But, it is the little incipient indiscretions and indulgences (pebbles) that can destroy all that we are working for, whether it is success in business, success as a parent, as a spouse, or for that matter, reaching any goal. What are the little pebbles in our path? Any seemingly minor vice that you convince yourself is of no consequence. An occasional drink, casual gambling, porn, flirting (if you or the other person is married), slacking off at work, profanity, occasional raising of your voice to a spouse or child, or anything that you may be thinking of right now that I failed to mention and you say is “nothing”. We recognize these pebbles by their labels. They come with disclaimers, perhaps better called delusions, like “I deserve this”, or “I only do ___(fill in the blank)___ once in awhile”, or “It doesn’t hurt anyone”, or “no one will know”, or “My parents were a bad example”, or “I’m (Italian) (American) (a guy) (a girl) (young) (old) (you fill in the stereotype), and that’s the way we roll”, or “That is the way I was raised”. Can you think of something you do that you could apply a similar label to? The problem with these “precursor delusions” is that once we begin to indulge them, they have a habit of growing and leading to worse behaviors, and eventually these incipient little “nothings” deter us from our goal or desired outcome, whatever it may be. And it all started out as “Inconsequential”. The problem and the reality is that nothing is inconsequential. If we look back on the failures, and mistakes, and sins, and well, any regret in our lives, I suspect that we can trace them back to something that was “inconsequential”. The truth is that it doesn’t matter what your gender, nationality, upbringing, or even your biochemical make-up, there is no excuse for, and ultimately, there is a danger in attempting to excuse bad behavior or little vices. Perhaps more dangerous is tolerating it in others. Alexander Pope said, “Vice is a monster of so frightful mien, As to be hated needs but to be seen; Yet seen too oft, familiar with her face, we first endure, then pity, then embrace”. And sometimes it just begins with tolerance of the vices in others, or the indulgence of “little” vices in our own lives.

Allow me to give an example from someone I knew. I know a wonderful lady who’s life took a horrible turn. When I asked her what happened, this is what she told me. Betty (not her real name), a great person in every way (pretty, talented, funny, successful, Mother) was not happy in her marriage, and found meeting people in chat rooms on the internet (“it was just a little nothing”) to be a comforting distraction… at first. She met a man there who was funny, intelligent, interesting, and found her to be funny, intelligent, interesting, and made her feel desirable. After awhile the talk turned sexual, and then a phone call, and finally a meeting which culminated in a sexual encounter. It cost her her marriage, the respect of her children, and she found herself not with the greater self-esteem she sought, but less, and finally, she found herself subjected to spiritual consequences as well, as she had offended God. Of course the internet affair fizzled. One day I was talking with a friend of mine, James (not his real name) who also knew Betty and the story of her tragedy came up. Amazingly, he confessed to me that when he heard about Betty’s internet tryst , his curiosity was peeked as he had never heard of chat rooms or chatting. Curiosity turned to fascination, which turned to titillation, then obsession, as he explored the playground of the internet, until finally he found himself in nearly the same disastrous situation as she. It all started out as an “innocent curiosity”.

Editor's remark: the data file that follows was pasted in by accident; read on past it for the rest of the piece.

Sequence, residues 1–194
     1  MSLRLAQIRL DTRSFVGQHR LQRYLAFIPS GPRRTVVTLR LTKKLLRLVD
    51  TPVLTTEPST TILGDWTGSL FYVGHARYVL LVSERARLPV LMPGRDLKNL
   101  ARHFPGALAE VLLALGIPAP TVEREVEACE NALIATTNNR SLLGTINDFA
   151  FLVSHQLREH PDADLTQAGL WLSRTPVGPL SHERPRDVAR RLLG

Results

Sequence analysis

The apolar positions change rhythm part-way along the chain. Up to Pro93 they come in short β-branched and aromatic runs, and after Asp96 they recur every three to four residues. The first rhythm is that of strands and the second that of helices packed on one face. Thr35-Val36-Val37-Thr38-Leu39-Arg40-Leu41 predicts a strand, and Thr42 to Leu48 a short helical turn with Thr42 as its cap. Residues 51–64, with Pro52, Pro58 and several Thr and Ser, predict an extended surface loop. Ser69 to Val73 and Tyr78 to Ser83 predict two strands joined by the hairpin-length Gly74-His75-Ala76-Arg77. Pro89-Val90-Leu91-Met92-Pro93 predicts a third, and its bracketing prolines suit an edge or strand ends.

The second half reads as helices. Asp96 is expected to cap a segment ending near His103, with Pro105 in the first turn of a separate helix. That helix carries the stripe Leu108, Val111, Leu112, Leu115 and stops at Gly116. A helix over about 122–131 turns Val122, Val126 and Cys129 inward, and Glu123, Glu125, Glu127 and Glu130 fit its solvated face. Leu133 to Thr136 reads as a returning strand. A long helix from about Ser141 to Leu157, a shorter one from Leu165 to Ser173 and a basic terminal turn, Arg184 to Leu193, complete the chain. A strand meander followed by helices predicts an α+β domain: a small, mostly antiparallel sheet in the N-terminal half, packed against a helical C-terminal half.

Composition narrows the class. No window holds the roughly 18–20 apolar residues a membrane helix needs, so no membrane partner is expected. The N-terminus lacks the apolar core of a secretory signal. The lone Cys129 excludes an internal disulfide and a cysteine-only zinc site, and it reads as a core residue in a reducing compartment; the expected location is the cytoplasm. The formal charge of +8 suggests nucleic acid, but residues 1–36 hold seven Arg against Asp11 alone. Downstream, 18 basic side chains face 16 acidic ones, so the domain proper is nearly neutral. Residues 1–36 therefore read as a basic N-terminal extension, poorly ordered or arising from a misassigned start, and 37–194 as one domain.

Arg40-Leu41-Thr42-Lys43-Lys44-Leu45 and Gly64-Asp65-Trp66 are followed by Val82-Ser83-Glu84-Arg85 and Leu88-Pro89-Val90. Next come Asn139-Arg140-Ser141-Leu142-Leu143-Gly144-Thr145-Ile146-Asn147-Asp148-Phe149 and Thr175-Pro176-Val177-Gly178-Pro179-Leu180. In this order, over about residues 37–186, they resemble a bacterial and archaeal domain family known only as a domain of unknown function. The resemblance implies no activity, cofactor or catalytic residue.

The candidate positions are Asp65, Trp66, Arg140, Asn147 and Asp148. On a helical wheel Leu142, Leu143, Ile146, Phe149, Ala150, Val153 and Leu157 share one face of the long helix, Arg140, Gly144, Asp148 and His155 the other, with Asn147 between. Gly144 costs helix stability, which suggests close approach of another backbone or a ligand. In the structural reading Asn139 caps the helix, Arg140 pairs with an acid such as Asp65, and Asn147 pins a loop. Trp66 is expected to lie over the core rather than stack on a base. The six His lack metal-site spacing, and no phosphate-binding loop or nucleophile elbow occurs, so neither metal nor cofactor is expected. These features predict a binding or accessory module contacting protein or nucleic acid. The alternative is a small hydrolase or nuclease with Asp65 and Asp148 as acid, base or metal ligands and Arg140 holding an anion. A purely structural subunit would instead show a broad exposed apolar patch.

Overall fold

So our challenge is this; to see life’s little indiscretions, indulgences, curiosities, and temptations not just for what they are, but even more, for what they can become if we attempt to find a “less irritable” place for them our life. Even allowing them into our homes, relationships, or tolerating them in the live’s of those we love and care about is a serious mistake. Remember, it is a delusion to think they won’t have an affect on us or those around us. If you carry such a pebble in your shoe, or know someone who does, why not take a moment right now and not only commit to, but remove it before it gets worse.

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3 Responses

  1. How was the Las Vegas marathon??

  2. Wow! I read it all, from the very beginning. Very inspirational – and timely. I have been wanting, really wanting, to get back into running but, frankly, have lacked the motivation to actually make the commitment and do it. Getting back into it is going to be painful given my current (lack of) conditioning. Your words of wisdom may just tip the scale. I do have a good track record of keeping my new year’s resolutions. One reason for this is that I spend some time thinking about them before I commit – I’m thinking very seriously about becoming a runner once again making it part of my life as you have done with yours.

    I look forward to your next words of wisdom

  3. Steve,
    I am really enjoying your “Lessons”. You are a talented writer…the book is appearing before us on this blog. Keep it up. I’m inspired to get back into running or cycling.
    Jan